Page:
To those who have dared to explore Goa beyond its breath-taking beaches, the state offers impossibly charming architectural sights. From the awe-inspiring churches to the quaint little individual homes, the old-world charm of Goan architecture is certain to bowl you over irrespective of whether architectural design is your cup of tea or not.
The homes of Hindu families were significantly different in design from the ones that were influenced by Portugese styles. They opened inwards to a courtyard which was referred to as rajangan. Spaces dedicated to relaxation were called soppo. The hall or living space is the saal. Raanchi kood (kitchen), Deva kood (room for worship), kothar (storeroom) and a special room for expectant and nursing women were also features of these homes.
Colonization by the Portugese clearly left its mark, the remnants of which can be seen even today in the design of the houses. Added to this, the Goan traders who sailed to other countries and back brought back their understanding of the styles they had seen on their voyages. What emerged is the quintessential Goan home which fused together European and Indian architectural styles.
These Goan homes were believed to have been built between the 18th and 20th centuries. They opened outward and had covered porches (balcoes) and verandas that overlooked the street. Residents of the homes utilized the seating space in the balcoes to witness the happenings in the street and to be noticed by passers-by. Intricately decorated columns bordered these balcoes and established the status of the owners along with the plinth.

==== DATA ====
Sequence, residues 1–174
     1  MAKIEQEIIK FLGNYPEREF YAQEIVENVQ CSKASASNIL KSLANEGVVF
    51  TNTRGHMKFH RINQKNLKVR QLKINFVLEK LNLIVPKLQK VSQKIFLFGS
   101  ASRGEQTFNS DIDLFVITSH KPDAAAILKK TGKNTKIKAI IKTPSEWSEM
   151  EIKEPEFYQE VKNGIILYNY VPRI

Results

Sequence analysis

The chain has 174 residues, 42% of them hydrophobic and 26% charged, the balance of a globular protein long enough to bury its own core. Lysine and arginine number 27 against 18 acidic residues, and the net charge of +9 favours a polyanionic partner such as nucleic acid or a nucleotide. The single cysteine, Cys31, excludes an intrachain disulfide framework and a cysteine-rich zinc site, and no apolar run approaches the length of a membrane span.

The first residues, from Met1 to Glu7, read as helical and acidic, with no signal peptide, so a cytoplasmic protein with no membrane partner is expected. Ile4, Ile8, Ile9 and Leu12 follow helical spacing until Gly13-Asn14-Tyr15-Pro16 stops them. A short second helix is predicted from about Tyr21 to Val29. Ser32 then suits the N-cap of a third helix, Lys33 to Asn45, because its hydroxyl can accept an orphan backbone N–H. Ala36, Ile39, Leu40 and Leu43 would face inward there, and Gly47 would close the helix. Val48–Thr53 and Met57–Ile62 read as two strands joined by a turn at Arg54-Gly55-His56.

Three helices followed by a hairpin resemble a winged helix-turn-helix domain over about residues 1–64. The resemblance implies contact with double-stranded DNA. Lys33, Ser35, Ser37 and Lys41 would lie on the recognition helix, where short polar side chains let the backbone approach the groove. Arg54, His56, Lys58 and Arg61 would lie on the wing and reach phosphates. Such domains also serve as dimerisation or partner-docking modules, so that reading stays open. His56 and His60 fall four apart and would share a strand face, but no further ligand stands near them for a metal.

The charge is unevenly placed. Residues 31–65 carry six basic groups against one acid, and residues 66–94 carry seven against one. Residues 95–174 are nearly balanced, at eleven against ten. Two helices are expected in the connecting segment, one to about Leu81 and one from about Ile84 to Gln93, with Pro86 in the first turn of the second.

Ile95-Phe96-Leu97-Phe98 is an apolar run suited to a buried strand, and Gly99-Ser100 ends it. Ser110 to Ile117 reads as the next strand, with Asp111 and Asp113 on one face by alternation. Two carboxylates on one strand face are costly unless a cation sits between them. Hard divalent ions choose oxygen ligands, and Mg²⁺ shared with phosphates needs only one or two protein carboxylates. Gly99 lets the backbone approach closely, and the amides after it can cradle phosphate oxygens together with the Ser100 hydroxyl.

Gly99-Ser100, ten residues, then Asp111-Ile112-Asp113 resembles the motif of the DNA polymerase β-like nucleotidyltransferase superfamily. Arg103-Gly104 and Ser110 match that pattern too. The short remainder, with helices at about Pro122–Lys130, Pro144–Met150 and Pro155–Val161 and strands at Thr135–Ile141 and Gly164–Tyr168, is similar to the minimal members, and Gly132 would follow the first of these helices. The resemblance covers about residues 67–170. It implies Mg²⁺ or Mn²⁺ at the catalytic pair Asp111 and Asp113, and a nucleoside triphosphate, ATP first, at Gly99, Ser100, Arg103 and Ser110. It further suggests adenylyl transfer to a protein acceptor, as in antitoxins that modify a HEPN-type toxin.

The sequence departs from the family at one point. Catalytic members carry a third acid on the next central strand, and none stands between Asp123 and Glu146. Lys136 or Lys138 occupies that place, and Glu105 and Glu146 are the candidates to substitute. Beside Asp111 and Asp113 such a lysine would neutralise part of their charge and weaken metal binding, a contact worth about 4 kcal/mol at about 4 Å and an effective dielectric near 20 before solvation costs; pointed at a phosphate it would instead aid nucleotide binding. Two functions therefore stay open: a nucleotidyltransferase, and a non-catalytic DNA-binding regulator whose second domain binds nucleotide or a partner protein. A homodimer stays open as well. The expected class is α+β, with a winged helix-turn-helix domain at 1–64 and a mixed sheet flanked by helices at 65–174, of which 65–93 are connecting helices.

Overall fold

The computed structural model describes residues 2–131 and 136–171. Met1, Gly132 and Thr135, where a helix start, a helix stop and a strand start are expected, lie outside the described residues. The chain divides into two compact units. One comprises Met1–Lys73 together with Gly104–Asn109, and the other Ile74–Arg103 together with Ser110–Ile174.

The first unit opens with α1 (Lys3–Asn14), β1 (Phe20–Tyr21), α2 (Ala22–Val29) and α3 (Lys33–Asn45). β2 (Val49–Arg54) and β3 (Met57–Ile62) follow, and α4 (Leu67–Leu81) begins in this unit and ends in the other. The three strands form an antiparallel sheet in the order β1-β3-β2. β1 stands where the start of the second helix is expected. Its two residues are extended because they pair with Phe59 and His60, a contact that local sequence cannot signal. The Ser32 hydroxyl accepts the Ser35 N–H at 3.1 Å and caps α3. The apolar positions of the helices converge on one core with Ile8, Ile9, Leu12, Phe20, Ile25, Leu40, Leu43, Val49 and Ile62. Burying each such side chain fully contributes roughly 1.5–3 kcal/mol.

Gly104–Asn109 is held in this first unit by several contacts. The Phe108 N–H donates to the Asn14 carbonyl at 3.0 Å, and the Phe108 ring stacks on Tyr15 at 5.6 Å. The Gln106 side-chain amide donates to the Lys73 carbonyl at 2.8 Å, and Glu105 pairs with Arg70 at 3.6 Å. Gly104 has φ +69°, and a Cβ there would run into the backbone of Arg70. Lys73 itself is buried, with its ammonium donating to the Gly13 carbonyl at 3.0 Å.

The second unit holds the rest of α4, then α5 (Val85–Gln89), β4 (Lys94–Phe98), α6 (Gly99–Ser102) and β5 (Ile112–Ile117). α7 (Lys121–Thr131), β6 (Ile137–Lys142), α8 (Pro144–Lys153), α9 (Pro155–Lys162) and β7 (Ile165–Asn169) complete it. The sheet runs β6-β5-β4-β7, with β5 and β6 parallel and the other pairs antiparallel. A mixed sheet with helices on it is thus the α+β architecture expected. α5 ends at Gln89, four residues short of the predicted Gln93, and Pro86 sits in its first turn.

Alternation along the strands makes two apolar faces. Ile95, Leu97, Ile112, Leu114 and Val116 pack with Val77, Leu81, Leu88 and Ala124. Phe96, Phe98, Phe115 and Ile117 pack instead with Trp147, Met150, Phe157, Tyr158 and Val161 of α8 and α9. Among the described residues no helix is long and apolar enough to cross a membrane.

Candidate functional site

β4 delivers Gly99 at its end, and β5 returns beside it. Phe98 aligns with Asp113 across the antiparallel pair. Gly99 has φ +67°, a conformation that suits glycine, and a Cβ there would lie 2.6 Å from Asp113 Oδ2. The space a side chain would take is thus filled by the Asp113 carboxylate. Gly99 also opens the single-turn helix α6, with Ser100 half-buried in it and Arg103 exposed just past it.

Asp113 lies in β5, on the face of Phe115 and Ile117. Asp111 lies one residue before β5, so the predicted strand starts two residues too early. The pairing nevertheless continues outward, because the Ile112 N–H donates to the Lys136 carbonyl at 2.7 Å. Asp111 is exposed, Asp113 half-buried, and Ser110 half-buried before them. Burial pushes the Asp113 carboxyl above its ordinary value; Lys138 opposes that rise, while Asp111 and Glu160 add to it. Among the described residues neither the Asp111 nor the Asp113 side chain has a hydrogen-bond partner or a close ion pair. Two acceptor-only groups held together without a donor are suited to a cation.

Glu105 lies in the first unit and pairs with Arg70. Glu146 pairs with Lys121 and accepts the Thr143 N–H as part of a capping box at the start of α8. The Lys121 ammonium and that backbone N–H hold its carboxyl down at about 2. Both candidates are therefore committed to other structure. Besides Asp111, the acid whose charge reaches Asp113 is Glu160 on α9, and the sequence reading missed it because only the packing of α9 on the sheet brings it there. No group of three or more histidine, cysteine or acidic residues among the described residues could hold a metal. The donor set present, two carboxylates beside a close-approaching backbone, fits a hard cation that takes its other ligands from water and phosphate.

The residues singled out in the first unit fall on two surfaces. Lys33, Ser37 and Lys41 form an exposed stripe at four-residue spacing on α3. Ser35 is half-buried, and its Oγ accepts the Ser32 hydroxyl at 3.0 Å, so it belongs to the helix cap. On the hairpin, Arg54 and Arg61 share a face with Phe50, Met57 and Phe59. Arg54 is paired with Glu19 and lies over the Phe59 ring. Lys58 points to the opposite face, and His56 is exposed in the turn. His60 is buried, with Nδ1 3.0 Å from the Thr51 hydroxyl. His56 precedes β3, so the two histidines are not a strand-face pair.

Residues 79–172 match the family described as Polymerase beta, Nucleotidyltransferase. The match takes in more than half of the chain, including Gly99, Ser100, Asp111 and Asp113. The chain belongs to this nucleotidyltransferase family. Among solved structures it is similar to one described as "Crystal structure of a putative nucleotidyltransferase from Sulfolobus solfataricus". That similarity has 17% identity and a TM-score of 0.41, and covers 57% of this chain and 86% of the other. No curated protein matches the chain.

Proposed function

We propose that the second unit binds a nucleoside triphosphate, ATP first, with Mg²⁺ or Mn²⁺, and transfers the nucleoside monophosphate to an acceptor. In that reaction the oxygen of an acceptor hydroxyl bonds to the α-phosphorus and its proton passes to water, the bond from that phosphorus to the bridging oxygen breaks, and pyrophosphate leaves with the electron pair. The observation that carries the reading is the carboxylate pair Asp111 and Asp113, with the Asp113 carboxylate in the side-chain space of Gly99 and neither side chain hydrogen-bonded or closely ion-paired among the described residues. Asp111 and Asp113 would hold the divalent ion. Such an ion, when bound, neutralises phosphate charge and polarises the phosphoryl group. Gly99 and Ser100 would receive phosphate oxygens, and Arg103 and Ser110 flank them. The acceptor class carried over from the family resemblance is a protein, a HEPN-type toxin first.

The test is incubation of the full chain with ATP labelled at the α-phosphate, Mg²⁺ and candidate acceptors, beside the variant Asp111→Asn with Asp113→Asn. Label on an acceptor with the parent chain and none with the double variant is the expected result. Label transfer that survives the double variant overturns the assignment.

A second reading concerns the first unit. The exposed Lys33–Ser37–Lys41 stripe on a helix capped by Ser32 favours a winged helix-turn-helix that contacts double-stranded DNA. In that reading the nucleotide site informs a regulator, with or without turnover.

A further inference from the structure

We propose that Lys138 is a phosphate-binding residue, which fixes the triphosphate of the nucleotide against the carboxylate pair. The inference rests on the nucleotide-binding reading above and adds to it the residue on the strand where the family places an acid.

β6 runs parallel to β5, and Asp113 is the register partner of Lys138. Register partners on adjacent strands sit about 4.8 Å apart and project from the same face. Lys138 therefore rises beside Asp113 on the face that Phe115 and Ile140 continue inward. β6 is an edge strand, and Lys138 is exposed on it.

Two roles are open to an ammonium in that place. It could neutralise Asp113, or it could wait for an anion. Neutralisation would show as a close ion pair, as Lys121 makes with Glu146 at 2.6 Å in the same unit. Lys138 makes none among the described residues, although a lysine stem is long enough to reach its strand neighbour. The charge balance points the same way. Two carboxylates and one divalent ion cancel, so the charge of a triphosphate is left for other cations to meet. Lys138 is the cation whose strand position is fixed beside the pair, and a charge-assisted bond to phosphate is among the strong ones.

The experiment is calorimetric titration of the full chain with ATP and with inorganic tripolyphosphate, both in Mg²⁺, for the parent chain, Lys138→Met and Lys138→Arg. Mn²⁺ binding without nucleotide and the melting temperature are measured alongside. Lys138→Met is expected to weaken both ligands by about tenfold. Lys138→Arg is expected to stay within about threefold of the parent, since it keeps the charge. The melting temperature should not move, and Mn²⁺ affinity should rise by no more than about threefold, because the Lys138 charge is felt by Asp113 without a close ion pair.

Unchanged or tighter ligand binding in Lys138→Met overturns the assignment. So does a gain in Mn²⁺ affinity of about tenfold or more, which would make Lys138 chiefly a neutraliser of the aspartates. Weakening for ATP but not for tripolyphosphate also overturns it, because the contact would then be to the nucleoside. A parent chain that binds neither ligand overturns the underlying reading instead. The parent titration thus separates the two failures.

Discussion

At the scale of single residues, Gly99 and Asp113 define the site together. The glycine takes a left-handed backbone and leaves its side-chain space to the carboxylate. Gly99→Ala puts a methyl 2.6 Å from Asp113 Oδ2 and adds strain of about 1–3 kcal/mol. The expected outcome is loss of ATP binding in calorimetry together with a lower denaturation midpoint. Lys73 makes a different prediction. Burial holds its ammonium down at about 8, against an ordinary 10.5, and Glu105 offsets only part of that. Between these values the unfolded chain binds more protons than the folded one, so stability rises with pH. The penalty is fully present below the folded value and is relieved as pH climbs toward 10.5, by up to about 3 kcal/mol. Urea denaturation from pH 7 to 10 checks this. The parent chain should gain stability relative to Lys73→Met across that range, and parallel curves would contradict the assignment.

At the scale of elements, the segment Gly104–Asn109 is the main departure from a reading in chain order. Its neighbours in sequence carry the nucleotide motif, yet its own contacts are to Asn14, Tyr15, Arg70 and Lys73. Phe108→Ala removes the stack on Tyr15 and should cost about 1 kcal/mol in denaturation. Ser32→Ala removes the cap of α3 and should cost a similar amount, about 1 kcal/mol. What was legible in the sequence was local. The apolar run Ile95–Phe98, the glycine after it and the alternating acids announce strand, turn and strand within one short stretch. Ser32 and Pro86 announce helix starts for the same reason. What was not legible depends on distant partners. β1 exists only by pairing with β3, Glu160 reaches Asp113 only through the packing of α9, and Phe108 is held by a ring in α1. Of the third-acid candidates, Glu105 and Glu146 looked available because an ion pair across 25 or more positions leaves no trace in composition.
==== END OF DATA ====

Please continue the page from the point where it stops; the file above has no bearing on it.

The verandas were usually accessed from within the house through large ornate windows. Originally used in Portugese homes, these windows helped sailors identify their homes. The Goans continued to use them as a means of identification of houses. Columns also were found on either side of the front doors.
Another element with intricate design were railings. Country tiles were used as corbels and served as a distinct feature specific to Goa. Compound walls were also found to be intricately carved. Walls were made from either mud or laterite stone depending on how far back the home was built. They were then plastered and painted with dramatic colours that differentiated one house from another. However, white is never used as exterior paint as it is reserved for the church.
Once indoors, one can find a foyer after which there is the main hall (sala), a smaller hall (sala de visita) or the chapel in the house. The rest of the house is planned around a courtyard. The master bedroom is usually close to the hall, other bedrooms flank the courtyard, while the dining area is perpendicular. The rear space houses the kitchen and service areas. Floors were usually made of imported European tiles or burnt earth plastered with cow dung and hay. One could also find false ceilings made from wood.
Goan homes are shining examples of how appealing the melding of two or more cultures can be. Never featuring impractical or unsustainable architectural elements, these homes exude grace and beauty like no other.